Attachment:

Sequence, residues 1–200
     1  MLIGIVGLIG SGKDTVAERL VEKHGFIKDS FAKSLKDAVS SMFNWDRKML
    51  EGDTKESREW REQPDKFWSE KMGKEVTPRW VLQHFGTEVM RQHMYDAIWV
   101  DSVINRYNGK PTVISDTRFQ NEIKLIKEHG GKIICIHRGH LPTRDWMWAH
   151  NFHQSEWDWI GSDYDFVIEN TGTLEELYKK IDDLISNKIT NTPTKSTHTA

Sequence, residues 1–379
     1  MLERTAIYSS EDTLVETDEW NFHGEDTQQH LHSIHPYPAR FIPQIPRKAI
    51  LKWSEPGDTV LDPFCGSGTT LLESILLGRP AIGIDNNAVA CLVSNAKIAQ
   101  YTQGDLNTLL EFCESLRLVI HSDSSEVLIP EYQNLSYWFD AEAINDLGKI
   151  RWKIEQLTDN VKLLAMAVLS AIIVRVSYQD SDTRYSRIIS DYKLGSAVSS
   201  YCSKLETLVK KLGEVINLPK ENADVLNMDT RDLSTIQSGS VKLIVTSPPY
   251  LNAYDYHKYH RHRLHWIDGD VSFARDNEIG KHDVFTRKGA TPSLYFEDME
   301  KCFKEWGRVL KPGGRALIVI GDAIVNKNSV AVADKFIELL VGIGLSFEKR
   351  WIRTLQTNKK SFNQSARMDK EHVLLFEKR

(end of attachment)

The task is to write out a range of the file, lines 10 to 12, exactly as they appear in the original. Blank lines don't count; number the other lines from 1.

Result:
   151  RWKIEQLTDN VKLLAMAVLS AIIVRVSYQD SDTRYSRIIS DYKLGSAVSS
   201  YCSKLETLVK KLGEVINLPK ENADVLNMDT RDLSTIQSGS VKLIVTSPPY
   251  LNAYDYHKYH RHRLHWIDGD VSFARDNEIG KHDVFTRKGA TPSLYFEDME